This was my first 100k and I was very nervous going into it. I picked a tough race, because I wanted it to be a qualifier for Western States and I like to try things that scare me a bit. It's more motivating.
I trained on nearly all of the course with the Quicksilver Running Club training runs, so I was familiar with what to expect. That made me even more nervous! In particular, the stretch called "Dog Meat" after 24 miles -- a 5+ mile climb back out of Sierra Azul Open Space preserve. In addition, the scramble up a rock bed at mile 43. As is usual, Kristin and I took the Friday off and settled into a local hotel to get a good nights rest. We had a 4pm dinner at Buca di Beppo to "carbo load" and were in bed before dark!
The summary: the training really paid off and I had a blast. Kristin ran it with me as usual and we took the first 24 miles pretty easy. Temperatures were much cooler than we expected and the sun didn't peak out until we were entering Sierra Azul. This meant the Dog Meat climb would be hot, but I was expecting that. We ran a bunch of this section right behind Jim Magill whom we met on the training runs. We knew his pace was roughly our goal and he has a ton of experience. This paid off. We kept taking longer at aid stations and Jim would be in and out, but we would catch up to him 5-10 minutes later. This repeated for the entire day through mile 50 or so basically.
We took a few extra minutes at the Lexington Reservoir aid station. Kristin changed shoes and I drank some chocolate soy milk. This later made my stomach a bit upset, but a couple antacids fixed it. The climb up Dog Meat was not as hard as we thought. Kristin and I both brought music to help with this and it was fantastic. I had a few Guns 'n Roses songs, Deadmau5 and Cake (A Long Line of Cars) come on during the random shuffle. Somehow, the Cake song gave me an epiphany that it is a metaphor for life, this race, and many other things. It made me smile and have goosebumps on my arms. A long line of people going up Dog Meat for no reason. Well, at least it kept my mind busy and got me to the top. :)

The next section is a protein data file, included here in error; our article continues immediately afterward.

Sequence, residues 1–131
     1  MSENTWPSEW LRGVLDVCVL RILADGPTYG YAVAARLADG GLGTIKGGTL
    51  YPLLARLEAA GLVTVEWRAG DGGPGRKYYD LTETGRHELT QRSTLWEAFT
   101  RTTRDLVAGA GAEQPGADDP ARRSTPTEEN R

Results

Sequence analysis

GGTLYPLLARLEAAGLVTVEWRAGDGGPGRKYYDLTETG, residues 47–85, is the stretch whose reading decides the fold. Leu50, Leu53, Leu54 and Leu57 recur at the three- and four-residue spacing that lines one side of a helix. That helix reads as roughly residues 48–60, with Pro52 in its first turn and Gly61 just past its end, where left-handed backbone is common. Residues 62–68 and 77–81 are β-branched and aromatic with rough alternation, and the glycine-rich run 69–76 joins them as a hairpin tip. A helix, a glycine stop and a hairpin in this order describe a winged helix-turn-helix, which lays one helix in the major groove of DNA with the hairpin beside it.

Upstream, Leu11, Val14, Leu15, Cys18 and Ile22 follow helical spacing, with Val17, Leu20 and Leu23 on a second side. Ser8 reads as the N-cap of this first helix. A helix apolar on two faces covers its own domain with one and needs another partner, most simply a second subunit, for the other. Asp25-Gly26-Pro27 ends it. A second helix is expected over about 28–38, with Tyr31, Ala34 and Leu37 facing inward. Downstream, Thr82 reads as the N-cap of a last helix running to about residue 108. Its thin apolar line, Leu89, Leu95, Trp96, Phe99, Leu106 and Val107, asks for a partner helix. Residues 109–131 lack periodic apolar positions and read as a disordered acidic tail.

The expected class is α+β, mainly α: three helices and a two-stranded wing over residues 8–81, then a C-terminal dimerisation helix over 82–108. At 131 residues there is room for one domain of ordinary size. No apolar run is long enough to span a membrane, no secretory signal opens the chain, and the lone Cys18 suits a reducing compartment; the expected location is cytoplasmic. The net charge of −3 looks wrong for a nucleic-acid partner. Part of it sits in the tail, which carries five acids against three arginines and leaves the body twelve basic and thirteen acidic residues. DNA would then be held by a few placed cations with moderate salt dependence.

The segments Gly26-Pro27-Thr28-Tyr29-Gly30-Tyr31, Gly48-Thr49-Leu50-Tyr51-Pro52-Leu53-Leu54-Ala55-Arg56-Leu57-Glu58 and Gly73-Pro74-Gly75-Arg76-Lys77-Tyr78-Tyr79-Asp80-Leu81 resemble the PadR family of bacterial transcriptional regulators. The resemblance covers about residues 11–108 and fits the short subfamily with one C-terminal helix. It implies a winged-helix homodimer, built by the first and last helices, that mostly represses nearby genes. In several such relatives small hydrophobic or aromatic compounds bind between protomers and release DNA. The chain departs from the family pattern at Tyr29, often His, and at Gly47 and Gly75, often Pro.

At the top, I made sure to take care of myself with ice in the hat, on my back, and in my pack. There was a lot of shade along the way which was great. We made our way back to the Hick's Road aid station (pic below) where Kristin's Dad would meet us for the first time to crew. He had our supplies and ice. It was great to see a familiar face and he confirmed that we were right on our predicted time. Everything felt great and it was already mile 35! We knew that the hardest climbs were behind us, and I was excited, but the wheels can fall off anytime.(click to enlarge)
We made our way back towards Hacienda and through the parking lot. I briefly met Rocket Jones, a well known ultrarunner, who was having a bad day and dropping, I believe. Kristin and I saw her Dad again and we would then see him in another 3 miles at the Finish as we made our pass through for the last 20 mile loop.